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* Public Art Sculpture Project installed around campus

Faculty art instructor Laura Ward and students in her Art 110 class invite the campus community to enjoy their sculpture work, which has been installed around campus and will remain up until the end of the quarter (weather permitting - periodic checks will be made to ensure they are intact). 

The Intro to 3D Design class focuses on creating three-dimensional objects from two-dimensional sketches or images. The pieces have been placed strategically around campus so as not to harm the foliage, grass, or stop the flow of foot traffic.  There are approximately 16 sculptures total and each has a sign with a description of the piece and the student artist's name. 

The specific goals of this project include 1) creating a free-standing object that is at least four feet long in any one direction;  2) to experiment with, and construct an object, using the planar structure of cardboard and; 3) to create a public art piece which resides somewhere on campus. The students were instructed to consider the properties of the material, the public space their work would be installed, and their audience -- the campus community.  The object is their choice.

Ward says that she and the students have been installing these sculptures around campus for the past two years and she plans to continue this unique outdoor exhibit in the future.  "It's a nice chance to get the beautiful and interesting art out of the art building and around campus," she says.  "The students (and I) are very excited their creations.  They have worked very hard," Ward says.

* SCC's Art and Literary Journal, Spindrift, wins national award

The 2009 edition of Spindrift, Shoreline Community College’s art and literary journal, has been awarded first place in a national literary magazine competition sponsored by the Community College Humanities Association (CCHA).  The award is given to only those colleges who have received first place awards at regional juries.  

 

Spindrift has been an annual source of pride for Shoreline Community College,” said Literary Editor Lucy Weiland, who commented that the staff worked diligently to get the job done right in spite of many challenges. 

 

The anthology, a collaboration of works of student, faculty and regional and national contributors, has won many regional awards from CCHA in past years; in the last five years alone it has earned three first place awards and two third place awards.  The Pacific-Western Region includes Washington, Oregon, California, Idaho, Alaska and Hawaii.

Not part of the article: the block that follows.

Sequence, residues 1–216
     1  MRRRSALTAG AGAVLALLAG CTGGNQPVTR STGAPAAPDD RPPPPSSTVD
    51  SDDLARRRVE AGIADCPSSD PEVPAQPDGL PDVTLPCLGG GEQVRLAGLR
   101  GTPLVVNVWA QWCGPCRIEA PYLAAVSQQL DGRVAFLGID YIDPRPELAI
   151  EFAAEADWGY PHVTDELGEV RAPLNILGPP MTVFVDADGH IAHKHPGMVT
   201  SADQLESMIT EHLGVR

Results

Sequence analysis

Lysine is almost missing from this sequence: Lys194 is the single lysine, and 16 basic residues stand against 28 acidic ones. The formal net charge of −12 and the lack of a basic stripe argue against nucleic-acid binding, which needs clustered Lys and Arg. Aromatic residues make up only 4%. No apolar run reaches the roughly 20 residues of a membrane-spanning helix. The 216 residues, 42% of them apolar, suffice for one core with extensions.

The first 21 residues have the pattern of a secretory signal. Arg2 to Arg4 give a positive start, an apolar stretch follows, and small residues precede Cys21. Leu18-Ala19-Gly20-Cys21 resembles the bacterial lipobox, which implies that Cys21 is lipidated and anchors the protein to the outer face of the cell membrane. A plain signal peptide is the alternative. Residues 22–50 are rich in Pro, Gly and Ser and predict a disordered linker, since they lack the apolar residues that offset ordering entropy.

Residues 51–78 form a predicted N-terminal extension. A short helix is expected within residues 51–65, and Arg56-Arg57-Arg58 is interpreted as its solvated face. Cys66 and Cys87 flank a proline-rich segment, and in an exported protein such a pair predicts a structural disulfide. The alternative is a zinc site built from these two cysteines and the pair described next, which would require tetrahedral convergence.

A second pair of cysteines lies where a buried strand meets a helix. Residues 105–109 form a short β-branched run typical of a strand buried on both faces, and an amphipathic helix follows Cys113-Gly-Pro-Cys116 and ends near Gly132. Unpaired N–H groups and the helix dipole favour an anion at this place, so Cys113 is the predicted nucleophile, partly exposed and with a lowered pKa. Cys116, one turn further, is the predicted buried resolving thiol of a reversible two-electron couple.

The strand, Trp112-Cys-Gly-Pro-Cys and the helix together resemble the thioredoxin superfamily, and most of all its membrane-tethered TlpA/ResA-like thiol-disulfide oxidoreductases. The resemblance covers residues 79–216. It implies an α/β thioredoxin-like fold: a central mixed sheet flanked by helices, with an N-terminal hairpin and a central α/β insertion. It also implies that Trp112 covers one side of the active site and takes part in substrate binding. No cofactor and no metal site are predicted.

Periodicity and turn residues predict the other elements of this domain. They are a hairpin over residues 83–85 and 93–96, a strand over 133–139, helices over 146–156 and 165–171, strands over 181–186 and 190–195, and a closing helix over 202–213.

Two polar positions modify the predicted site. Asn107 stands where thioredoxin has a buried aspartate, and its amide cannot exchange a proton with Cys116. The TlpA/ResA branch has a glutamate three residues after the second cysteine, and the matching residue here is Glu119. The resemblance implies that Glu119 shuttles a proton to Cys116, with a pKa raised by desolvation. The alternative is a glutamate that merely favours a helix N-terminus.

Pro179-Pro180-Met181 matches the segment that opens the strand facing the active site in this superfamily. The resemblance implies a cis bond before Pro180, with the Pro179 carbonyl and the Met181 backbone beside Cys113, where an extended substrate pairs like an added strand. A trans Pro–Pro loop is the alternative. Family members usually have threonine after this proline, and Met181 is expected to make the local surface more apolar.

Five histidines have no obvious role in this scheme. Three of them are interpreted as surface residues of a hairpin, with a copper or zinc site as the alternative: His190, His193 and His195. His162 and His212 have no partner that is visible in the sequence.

“Although this year, Spindrift is recognized by the Community College Humanities Association as the best community college literary magazine in the nation,” said Deborah Handrich, faculty co-advisor, “in my opinion, the award reflects all the hard work of every student involved in Spindrift in the last five years.”

 

This year the judges noted several things that called attention to Shoreline’s anthology. The cover image submissions were solicited only from students and this year’s edition offered more work of first-time published students than previous editions.  “These two factors are perhaps the most important categories in the national competition,” said Handrich.  This year’s cover was designed by Sean Sherman.

 

First published in 1966, not long after Shoreline opened its doors, this year marks the college’s 43rd year to publish Spindrift.  The journal is designed, edited and produced by students, and is printed on campus as a training project for the Visual Communication Technology (VCT) Program.   

 

“Spindrift gives the student staff a real-world opportunity as a staff person producing a magazine,” said Handrich.  “They must manage submissions from all over the nation and build a cohesive book that expresses student life and a connection to a greater community.”

 

The 2009 staff included Kisa Nishimoto, managing editor; Ian Louthan, design and art editor; Elissa Foster, asst. art editor; and Phyllis Rae, Kelsey Toberg and Triana Collins, literary assistants.   Faculty advisors were Deborah Handrich and Christine Shafner.